Small Christmas tree vendors battling higher tree prices, box store competition

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Kristin Thorne reports on the struggles for small Christmas tree vendors on Long Island.

Some small Christmas tree vendors on Long Island are struggling this year due to competition from big box stores, from higher purchasing costs of Christmas trees and a low supply of trees.

After 50 years of selling Christmas trees, Papa's Family Farm in Central Islip called it quits this year. John Papa said his business can't compete with the large retail chains, like Home Depot and Amazon. He said the cost to buy trees also went up this year by $5 to $15 per tree.

"You have to look at the bottom line. Business in the last couple of years is getting worse and worse," he said.

George Larson owns two Christmas tree stands, one of them off Sunrise Highway in Bohemia. He said sales are going steady this year, but it's difficult to keep up.

"It's tough. It's not easy. The bigger stores and the box stores do hurt us. There's no question about it," Larson said.

According to the National Christmas Tree Association, a tight supply of Christmas trees is affecting vendors all across the country this year.

Tim O'Connor, the association's executive director, said in the late 1990s and early 2000s, a large supply of Christmas trees saturated the market and forced prices to drop so low that many businesses and farmers were forced to close. O'Connor said 30 percent of Christmas tree growers in the Northwest went out of business.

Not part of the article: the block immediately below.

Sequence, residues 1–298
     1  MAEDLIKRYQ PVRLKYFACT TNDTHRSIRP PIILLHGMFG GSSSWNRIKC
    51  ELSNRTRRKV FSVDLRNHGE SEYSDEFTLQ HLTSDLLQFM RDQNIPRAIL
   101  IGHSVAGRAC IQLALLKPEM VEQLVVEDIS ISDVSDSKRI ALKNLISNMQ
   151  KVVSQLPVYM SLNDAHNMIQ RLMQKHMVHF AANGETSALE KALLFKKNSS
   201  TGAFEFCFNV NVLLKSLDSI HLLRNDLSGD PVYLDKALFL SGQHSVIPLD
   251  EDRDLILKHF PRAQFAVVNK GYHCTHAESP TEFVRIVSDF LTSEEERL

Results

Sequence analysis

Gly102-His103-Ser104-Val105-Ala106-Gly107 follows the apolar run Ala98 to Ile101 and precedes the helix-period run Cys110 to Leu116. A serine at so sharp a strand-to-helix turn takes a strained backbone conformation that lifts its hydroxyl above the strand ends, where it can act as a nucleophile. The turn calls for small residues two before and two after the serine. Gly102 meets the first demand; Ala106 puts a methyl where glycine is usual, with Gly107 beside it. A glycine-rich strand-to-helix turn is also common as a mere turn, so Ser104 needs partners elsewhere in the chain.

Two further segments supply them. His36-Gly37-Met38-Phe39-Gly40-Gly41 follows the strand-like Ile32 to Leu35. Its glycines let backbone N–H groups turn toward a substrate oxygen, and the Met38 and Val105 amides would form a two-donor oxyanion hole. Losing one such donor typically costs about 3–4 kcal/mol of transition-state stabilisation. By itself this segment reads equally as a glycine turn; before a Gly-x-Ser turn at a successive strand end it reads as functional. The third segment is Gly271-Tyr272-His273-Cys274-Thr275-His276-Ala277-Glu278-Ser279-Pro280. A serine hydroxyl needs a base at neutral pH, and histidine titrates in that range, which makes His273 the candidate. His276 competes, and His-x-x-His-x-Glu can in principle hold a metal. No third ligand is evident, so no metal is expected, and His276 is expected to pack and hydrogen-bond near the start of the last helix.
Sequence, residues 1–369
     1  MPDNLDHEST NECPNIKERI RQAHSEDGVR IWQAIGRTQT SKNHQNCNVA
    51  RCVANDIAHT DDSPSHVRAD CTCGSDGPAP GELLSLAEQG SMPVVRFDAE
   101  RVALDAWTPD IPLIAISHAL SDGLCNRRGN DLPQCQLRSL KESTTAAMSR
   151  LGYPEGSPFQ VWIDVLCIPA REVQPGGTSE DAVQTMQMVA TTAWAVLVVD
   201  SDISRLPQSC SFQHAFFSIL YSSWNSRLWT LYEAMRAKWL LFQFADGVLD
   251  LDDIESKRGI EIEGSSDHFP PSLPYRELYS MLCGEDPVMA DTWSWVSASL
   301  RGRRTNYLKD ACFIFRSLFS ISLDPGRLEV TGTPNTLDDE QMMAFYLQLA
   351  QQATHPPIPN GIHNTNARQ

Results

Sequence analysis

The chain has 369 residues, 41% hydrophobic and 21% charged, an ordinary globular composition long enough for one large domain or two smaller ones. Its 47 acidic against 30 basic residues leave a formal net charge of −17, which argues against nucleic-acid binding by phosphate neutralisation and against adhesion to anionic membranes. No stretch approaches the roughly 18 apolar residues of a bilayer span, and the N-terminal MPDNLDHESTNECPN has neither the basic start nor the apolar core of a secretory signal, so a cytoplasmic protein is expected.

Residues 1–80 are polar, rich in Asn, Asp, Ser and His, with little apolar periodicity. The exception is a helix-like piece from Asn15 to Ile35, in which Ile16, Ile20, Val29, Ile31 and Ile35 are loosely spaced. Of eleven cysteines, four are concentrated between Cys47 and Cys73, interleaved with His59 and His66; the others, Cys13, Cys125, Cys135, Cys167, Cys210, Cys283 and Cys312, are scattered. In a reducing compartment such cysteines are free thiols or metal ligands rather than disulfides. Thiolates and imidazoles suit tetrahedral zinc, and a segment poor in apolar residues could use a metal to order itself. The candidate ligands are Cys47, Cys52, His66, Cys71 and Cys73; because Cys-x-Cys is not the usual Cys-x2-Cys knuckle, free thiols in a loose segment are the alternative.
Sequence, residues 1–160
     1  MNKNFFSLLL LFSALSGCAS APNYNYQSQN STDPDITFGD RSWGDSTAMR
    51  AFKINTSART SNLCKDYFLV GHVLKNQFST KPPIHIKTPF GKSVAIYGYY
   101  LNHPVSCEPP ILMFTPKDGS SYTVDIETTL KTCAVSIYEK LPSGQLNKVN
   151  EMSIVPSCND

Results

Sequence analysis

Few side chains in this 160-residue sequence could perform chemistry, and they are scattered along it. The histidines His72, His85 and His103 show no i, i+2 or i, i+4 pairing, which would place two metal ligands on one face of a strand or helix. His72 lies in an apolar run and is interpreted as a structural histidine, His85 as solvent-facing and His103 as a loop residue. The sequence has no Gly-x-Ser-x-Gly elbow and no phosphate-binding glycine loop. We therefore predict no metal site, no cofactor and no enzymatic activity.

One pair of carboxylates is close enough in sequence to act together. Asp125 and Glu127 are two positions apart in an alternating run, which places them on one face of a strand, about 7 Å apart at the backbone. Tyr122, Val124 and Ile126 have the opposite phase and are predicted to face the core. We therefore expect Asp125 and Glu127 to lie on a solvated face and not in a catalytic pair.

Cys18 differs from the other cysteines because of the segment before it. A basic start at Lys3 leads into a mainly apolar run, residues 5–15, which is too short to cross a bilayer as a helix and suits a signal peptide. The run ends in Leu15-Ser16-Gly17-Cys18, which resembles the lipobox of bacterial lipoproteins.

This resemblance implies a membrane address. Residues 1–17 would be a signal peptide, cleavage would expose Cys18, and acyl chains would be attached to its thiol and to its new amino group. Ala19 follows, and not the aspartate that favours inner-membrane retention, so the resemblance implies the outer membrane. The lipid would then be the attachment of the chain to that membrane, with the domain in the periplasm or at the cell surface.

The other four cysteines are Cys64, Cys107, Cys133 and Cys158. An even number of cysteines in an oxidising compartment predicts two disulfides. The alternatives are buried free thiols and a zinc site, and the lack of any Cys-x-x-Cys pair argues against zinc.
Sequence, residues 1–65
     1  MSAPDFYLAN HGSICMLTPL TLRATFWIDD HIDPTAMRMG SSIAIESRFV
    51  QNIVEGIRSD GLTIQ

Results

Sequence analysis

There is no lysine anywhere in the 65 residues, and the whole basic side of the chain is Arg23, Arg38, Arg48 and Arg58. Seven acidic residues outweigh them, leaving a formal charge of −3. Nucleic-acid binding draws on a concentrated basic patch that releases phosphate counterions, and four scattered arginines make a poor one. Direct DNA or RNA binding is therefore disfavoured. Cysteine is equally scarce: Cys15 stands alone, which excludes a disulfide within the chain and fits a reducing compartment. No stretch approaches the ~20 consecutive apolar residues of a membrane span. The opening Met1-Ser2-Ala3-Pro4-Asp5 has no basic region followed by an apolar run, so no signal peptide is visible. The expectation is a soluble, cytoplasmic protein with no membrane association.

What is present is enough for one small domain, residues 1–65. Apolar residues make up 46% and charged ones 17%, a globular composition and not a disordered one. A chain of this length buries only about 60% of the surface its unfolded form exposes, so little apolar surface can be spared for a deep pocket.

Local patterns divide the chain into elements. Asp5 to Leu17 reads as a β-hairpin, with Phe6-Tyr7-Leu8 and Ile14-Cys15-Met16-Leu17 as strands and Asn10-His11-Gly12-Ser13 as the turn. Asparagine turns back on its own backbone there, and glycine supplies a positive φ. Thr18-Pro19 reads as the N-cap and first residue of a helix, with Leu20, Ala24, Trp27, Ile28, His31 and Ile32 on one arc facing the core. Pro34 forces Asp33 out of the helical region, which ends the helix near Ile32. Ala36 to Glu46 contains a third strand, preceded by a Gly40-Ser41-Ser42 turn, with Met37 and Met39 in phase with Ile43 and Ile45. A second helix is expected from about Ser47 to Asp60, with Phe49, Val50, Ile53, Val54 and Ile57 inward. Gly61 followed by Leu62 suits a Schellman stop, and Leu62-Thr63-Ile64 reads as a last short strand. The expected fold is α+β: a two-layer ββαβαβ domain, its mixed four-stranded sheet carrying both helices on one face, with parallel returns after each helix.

Throughout the past 10 years, O'Connor said Christmas tree farmers have been making a concerted effort to limit the amount of trees grown in order to create a more competitive pricing structure and thus ensure the survival of their farms. As a result, Christmas tree prices are slightly higher this year, which could make business difficult for small vendors.

"The industry is in a profitable period for growers after years of oversupply that pushed prices below breakeven followed by a recession," O'Connor said.

O'Connor said across the country, the cut-your-own-tree business is booming.

Eyewitness News reporter Kristin Thorne verified that with Stephen Spinola with Mike's Tree Farm in Manorville. He said business is thriving.

"We got a lot of new customers coming out -- a lot of millennials coming out. It's becoming a new trend to come cut your own Christmas trees," he said. "About four out of five of our customers have been brand new customers that we've never had before."

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